“Whoever says he is in the light and hates his brother is still in darkness. Whoever loves his brother abides in the light, and in him there is no cause for stumbling. But whoever hates his brother is in the darkness and walks in the darkness, and does not know where he is going, because the darkness has blinded his eyes.”
1 John 2:9-11
This subject has been on my heart for the past several months. The Holy Spirit has been training me to fight bitterness and surrender my pain to God in this season of change, adjustment, and exhaustion. Preparing for marriage is no joke, y’all. As T and I ready ourselves for life’s next adventure, the enemy is using every tactic he has to come against us. He is trying to steal, kill, and destroy God’s most beautiful creation, marriage. Stress and busyness have tried to steal our joy and energy. Exhaustion and misunderstanding have tried to kill relationships. Bitterness and selfishness have tried to destroy T and I’s relationship. Fortunately, God won’t stand for any of it, and neither will we. Unfortunately, I’ve discovered a tendency for bitterness in my heart throughout this engagement. My gut reaction to conflict, aggression, and chaos is obsession. I obsess over what he/she said, I obsess over analyzing their intentions behind their words or expression or choice, and I obsess over protecting myself from letting them hurt me again. I set expectations for whoever has wounded me, falling victim to my hurt and allowing bitterness to bloom.
They are always going to hurt me.
They don’t love/support me.
I can’t trust them ever again.
I’m worthless in their eyes.
These thoughts build a wall against forgiveness, fortifying my bitter heart against Christ’s redeeming love. When Jesus hung on the cross, naked and ashamed, He clothed himself in my pain and brokenness. He felt every moment of self-pity, every moment of shame, every moment of hate that I will ever experience. When He burst through the gates of Hell with fire in his eyes and the keys to death in his triumphant hand, He left the memory of every sin smoldering to ash behind him. My sins were the cause of Christ’s death, but He shook off the burden of bitterness in favor of love. God has every reason to hold my sins against me, but he doesn’t. He sees me in my pain and brokenness, and loves me without expecting anything in return.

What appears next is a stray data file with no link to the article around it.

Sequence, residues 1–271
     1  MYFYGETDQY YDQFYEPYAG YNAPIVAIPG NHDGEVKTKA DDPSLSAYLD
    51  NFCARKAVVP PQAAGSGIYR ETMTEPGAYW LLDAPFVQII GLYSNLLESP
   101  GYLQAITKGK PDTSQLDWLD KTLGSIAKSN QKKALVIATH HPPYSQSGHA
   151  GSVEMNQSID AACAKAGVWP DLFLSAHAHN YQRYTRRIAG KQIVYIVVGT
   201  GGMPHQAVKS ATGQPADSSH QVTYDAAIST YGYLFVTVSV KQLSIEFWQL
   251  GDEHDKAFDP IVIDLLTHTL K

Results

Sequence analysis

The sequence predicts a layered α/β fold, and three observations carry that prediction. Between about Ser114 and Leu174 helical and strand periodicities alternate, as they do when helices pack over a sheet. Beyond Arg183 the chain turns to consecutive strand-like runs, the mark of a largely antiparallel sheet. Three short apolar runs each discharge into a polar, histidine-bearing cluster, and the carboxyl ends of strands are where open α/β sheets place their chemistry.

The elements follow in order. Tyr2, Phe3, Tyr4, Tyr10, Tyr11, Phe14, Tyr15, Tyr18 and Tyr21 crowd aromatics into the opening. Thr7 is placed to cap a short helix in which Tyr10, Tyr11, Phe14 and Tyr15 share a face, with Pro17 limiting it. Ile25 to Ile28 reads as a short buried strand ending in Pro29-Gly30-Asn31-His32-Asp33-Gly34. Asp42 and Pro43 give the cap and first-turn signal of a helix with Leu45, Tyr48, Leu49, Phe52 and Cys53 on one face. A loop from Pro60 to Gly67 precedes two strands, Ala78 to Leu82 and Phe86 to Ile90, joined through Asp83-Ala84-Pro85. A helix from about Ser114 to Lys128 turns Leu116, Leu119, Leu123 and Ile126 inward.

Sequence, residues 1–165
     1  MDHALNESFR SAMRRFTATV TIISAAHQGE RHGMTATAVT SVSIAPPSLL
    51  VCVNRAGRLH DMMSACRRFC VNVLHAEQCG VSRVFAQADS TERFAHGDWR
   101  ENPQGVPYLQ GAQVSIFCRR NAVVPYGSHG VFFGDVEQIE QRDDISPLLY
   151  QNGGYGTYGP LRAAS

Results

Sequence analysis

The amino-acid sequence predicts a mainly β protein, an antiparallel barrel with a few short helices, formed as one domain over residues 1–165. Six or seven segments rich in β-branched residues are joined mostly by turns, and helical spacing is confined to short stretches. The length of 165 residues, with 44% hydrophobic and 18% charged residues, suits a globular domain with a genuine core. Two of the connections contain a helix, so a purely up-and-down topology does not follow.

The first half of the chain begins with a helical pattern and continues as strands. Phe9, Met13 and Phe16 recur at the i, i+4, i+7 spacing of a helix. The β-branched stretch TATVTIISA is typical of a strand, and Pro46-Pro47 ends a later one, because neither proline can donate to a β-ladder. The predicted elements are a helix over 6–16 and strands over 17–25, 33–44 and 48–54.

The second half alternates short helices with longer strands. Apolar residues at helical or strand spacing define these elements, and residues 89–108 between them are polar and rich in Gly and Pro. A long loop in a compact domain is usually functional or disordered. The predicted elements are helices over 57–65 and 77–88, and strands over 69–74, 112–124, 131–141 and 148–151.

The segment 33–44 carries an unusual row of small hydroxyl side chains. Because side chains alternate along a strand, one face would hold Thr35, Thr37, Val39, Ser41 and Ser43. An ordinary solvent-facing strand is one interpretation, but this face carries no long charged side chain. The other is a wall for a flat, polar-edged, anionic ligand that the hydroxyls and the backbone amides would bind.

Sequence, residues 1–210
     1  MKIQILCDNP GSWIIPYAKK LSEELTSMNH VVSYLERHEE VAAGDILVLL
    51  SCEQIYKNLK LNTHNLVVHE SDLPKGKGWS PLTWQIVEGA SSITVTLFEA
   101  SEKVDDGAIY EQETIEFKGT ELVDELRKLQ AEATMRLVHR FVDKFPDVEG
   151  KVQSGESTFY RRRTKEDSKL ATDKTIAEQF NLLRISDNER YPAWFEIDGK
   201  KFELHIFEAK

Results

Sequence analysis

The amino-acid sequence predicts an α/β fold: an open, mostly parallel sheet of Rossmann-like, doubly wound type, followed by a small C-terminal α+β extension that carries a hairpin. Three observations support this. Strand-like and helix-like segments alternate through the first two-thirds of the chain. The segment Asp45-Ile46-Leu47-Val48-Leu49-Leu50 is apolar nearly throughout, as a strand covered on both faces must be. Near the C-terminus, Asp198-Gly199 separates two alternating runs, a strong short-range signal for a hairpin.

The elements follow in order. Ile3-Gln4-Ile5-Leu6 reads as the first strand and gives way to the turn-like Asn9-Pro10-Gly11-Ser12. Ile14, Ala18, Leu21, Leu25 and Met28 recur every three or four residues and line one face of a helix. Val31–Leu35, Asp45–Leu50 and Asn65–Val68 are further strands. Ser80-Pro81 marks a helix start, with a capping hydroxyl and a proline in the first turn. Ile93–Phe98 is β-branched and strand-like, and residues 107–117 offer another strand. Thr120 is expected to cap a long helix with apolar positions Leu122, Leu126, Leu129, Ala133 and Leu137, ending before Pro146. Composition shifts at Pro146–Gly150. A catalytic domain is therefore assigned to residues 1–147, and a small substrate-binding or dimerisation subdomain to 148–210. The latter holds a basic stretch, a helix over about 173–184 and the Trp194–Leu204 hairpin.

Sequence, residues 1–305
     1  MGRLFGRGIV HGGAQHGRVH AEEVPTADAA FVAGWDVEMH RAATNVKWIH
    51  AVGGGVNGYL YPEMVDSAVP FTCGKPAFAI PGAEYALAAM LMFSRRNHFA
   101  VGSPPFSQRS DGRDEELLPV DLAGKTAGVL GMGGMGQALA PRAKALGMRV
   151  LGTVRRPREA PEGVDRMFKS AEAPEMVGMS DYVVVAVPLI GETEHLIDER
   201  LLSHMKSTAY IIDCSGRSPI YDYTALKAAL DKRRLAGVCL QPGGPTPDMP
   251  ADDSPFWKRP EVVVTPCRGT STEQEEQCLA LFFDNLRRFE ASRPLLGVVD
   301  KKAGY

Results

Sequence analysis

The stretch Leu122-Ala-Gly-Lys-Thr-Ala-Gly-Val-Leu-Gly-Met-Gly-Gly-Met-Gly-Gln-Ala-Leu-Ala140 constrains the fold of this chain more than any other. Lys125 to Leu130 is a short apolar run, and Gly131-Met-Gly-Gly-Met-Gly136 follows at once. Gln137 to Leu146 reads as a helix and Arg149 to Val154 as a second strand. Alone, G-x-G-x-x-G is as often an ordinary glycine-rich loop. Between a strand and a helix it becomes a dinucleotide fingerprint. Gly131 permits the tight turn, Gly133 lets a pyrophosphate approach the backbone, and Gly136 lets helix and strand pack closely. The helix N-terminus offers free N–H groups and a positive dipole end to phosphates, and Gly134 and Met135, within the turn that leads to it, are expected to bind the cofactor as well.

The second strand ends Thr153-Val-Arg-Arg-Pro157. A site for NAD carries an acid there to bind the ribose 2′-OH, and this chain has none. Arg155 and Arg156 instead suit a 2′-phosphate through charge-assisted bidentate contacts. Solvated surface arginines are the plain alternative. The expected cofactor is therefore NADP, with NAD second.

So if I’m supposed to be like Christ, how does my bitterness reflect His glory?
Bitterness is a slap in the face to Christ’s love. It is a direct disobedience to the greatest commandment: love God, and love others. There is no love in bitterness, there is no compassion in the unforgiven, there is no mercy in judgment. In fact, mercy triumphs over judgment. Therefore, when I obsess over the wounds I’ve been dealt by others and allow myself to steep in anger and self-righteousness, I build a wall against Christ’s love.
God revealed all of this to me a few weekends ago during a women’s conference at my church. The conference’s theme and title was Breakthrough, but I didn’t believe that I really had any strongholds to break through. I didn’t have a tragic childhood, I’d never had any mental disorders or health scares, and I didn’t think I was currently struggling with anything that was holding me back from God. Isn’t it sweet how God cares about us enough to take us down from our self-imposed pedestals before we fall off and hurt ourselves?